It's super important to be organized. I use a planner to make sure no tournaments conflict and to make sure I can organize the work I have to do effectively. It's also important to tell your professors right away that you play competitive sports for the school and if there is any due dates you may need to make up. Strong communication between you and your professors is super important.
Head to the SWSCD Athlete Advisor, your online athletic business directory. Find, rate and review programs, local community offerings and businesses that will help you do your thing.
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Have a sport, recreation or physical activity accomplishment you'd like to celebrate and shout out through SWSCD? Become a SWSCD member and share your story directly on SeeWhatSheCanDo. Or, simply add the hashtag #seewhatshecando to your public social media posts and SWSCD can help you inspire others around you.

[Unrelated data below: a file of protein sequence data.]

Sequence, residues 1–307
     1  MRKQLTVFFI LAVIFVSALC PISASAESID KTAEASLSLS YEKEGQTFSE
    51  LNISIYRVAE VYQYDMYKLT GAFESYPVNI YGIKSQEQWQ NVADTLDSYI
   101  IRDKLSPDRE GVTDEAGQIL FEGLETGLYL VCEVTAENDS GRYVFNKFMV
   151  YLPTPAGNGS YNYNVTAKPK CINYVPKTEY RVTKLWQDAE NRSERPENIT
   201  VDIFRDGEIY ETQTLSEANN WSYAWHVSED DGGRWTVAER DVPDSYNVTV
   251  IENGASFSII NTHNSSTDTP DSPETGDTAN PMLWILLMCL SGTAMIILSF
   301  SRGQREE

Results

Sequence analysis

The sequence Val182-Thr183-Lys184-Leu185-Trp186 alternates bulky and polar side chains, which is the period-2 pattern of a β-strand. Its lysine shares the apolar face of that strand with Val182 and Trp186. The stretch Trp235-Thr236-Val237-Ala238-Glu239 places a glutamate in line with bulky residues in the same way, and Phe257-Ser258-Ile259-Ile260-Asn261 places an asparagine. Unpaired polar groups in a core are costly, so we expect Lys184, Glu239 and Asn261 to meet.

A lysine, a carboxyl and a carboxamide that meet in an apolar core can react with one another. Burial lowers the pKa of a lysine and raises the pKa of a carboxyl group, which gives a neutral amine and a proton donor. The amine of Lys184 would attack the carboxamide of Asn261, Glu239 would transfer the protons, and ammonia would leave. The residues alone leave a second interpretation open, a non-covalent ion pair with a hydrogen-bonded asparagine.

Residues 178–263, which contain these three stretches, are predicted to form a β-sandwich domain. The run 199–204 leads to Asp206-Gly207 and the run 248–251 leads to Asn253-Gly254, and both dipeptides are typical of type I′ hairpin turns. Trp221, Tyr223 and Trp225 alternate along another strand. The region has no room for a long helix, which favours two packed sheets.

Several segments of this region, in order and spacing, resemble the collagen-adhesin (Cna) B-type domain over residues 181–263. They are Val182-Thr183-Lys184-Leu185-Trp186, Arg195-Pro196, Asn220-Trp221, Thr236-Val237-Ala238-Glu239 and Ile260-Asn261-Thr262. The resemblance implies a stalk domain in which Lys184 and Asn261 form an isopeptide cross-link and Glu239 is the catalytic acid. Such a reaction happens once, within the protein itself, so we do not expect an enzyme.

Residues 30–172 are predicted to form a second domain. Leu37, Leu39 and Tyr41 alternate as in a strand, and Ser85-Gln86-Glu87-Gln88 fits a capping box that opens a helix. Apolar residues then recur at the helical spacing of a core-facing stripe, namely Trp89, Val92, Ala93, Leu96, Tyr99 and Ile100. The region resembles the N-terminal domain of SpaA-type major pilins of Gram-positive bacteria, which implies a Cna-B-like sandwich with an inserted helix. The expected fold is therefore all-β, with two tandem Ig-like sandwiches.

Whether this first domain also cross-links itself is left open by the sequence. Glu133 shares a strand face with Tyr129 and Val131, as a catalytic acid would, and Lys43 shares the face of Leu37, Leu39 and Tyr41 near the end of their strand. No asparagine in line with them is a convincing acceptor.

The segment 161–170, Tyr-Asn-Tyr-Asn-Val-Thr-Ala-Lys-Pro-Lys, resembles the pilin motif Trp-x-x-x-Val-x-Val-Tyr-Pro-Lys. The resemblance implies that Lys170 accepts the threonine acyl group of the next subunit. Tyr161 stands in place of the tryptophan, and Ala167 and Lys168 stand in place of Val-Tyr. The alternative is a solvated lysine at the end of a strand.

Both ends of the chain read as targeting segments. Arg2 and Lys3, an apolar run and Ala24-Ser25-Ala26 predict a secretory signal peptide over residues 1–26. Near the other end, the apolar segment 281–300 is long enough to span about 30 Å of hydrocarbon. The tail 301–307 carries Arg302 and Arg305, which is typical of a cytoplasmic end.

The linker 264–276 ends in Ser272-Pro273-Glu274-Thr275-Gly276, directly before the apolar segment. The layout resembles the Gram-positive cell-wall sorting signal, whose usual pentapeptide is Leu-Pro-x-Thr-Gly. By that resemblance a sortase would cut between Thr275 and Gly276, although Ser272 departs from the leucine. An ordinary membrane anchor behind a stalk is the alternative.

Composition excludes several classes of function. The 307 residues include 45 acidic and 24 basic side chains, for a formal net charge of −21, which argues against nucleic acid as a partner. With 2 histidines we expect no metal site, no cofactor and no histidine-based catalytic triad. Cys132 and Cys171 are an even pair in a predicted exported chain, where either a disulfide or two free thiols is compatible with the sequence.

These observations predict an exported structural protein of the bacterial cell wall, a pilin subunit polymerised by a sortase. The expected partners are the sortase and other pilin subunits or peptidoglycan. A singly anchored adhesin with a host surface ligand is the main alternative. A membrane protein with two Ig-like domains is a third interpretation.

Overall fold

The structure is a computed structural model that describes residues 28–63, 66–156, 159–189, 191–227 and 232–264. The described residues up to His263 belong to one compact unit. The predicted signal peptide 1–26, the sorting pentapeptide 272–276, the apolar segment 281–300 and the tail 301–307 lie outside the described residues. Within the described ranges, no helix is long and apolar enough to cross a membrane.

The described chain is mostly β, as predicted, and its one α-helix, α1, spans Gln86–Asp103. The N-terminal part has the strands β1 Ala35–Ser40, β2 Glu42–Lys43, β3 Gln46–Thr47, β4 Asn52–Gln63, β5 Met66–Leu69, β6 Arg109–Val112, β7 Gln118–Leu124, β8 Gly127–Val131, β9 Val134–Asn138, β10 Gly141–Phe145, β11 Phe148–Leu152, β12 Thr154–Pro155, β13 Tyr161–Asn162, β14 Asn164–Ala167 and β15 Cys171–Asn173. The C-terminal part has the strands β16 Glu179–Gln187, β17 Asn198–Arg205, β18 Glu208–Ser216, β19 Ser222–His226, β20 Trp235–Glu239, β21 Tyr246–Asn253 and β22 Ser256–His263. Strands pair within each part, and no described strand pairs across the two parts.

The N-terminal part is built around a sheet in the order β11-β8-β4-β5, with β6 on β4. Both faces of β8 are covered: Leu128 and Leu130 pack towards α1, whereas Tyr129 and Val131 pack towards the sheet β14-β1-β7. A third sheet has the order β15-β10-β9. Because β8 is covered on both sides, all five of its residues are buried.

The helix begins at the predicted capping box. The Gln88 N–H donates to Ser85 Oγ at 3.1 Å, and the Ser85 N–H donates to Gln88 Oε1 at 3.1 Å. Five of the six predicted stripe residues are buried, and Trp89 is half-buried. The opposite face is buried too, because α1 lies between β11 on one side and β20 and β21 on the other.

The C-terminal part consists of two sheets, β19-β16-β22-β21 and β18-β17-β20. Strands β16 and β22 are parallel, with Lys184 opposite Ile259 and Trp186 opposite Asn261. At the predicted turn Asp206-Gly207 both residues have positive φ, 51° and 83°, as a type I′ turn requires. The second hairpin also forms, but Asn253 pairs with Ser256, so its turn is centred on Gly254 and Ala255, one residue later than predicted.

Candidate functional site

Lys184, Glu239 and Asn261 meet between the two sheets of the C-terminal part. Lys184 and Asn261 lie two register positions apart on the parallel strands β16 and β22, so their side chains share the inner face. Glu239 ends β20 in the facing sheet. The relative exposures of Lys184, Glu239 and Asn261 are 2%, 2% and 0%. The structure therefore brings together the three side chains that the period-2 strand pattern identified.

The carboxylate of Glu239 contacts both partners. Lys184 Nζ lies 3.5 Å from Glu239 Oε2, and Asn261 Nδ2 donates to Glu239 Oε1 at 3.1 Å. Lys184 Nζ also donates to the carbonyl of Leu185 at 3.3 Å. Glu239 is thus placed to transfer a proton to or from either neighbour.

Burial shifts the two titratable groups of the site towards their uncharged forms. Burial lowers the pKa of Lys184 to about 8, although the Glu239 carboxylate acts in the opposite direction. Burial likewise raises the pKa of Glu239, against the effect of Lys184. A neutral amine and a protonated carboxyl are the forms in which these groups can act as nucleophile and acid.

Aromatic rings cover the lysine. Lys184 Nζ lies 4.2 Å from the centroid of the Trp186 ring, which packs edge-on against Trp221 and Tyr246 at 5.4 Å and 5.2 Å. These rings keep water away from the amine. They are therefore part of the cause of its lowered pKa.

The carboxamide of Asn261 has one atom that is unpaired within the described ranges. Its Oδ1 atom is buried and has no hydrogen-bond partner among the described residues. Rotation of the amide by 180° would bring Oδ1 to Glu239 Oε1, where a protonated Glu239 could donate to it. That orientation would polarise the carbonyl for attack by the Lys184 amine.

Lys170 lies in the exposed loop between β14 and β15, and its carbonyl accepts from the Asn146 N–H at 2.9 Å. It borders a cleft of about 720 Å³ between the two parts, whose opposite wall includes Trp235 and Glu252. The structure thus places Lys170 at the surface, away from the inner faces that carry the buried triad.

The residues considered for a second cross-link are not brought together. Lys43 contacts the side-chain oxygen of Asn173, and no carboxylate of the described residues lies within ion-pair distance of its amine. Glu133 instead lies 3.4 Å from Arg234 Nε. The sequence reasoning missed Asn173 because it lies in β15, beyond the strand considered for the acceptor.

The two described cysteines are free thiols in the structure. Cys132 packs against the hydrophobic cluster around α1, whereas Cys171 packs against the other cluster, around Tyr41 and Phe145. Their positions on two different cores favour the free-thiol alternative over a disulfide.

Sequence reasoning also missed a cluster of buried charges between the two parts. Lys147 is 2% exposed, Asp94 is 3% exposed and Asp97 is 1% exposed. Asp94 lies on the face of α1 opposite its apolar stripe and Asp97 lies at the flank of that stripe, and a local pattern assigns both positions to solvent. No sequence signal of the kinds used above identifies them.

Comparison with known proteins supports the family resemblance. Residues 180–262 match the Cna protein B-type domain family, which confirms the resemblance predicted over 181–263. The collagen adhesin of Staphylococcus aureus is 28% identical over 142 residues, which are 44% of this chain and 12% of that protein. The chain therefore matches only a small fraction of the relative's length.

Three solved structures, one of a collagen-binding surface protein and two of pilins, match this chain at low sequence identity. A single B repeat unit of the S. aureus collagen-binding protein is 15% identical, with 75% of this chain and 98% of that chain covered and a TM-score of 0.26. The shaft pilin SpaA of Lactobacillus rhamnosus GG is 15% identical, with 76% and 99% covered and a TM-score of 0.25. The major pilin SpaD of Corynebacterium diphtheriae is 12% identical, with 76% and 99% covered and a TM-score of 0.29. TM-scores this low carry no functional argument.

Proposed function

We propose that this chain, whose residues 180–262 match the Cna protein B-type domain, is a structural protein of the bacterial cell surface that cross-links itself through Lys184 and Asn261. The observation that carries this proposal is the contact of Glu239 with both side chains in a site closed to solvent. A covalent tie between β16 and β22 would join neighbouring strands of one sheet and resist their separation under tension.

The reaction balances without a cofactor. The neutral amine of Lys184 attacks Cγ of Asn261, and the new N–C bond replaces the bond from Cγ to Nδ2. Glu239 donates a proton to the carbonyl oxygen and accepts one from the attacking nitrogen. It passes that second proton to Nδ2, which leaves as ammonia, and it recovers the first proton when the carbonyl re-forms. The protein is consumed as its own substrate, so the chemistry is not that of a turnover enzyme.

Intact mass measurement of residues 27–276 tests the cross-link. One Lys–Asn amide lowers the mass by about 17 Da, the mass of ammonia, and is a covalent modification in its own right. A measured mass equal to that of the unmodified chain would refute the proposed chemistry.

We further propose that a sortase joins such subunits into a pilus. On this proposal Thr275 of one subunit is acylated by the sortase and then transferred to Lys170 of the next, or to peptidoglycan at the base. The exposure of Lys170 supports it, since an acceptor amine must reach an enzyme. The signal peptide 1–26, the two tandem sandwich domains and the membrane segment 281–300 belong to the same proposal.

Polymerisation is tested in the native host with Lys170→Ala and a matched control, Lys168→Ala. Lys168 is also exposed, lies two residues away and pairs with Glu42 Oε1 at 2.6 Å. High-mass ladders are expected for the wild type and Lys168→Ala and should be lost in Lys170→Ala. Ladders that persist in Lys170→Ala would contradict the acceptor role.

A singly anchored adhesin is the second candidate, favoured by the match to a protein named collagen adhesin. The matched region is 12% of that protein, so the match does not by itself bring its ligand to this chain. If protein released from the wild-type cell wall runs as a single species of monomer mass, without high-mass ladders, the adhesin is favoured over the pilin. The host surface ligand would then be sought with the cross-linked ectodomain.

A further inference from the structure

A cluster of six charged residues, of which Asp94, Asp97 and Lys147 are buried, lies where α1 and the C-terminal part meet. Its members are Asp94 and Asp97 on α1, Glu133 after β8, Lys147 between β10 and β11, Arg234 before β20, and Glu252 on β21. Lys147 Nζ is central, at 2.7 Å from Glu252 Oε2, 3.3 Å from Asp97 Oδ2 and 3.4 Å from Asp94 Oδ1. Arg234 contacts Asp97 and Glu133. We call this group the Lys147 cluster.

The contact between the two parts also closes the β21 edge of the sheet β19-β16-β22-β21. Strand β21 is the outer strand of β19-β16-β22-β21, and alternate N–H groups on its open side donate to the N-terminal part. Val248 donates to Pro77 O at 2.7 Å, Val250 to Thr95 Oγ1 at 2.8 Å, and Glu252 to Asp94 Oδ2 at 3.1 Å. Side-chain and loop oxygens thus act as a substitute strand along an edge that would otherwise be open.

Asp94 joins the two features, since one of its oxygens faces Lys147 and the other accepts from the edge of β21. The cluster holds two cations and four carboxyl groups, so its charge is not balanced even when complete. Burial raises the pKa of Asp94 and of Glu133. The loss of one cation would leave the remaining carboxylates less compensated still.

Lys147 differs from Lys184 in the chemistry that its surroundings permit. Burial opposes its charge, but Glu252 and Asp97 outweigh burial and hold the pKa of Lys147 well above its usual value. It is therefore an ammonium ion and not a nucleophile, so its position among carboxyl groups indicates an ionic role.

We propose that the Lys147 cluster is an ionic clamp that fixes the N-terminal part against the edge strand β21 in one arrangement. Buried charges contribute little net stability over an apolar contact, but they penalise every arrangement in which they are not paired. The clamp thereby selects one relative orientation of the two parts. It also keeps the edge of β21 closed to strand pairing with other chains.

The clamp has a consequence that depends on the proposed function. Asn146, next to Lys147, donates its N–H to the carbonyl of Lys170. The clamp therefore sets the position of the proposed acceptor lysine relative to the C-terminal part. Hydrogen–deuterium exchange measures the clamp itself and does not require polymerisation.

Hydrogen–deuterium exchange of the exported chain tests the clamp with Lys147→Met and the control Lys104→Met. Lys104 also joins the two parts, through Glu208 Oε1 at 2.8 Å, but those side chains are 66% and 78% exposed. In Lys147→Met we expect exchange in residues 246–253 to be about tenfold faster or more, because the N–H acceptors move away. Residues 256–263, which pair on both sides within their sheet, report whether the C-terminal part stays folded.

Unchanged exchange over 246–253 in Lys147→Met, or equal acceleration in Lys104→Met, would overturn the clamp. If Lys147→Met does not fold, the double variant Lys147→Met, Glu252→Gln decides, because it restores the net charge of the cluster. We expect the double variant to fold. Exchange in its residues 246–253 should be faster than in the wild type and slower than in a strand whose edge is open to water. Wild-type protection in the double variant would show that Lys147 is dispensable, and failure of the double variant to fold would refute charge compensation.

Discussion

Blog by Caroline Wiley. Caroline bridged her 20+ years of professional experience in the sport and recreation industry together with her passions for photography and supporting women in sport to create SeeWhatSheCanDo. Her vision is to create a welcoming space where active women find a sense of belonging within their own local community, see themselves in authentic and awe-inspiring ways and find resources to help them be their best active selves.
Photos courtesy of Ontario University Athletics and SeeWhatSheCanDo unless otherwise indicated.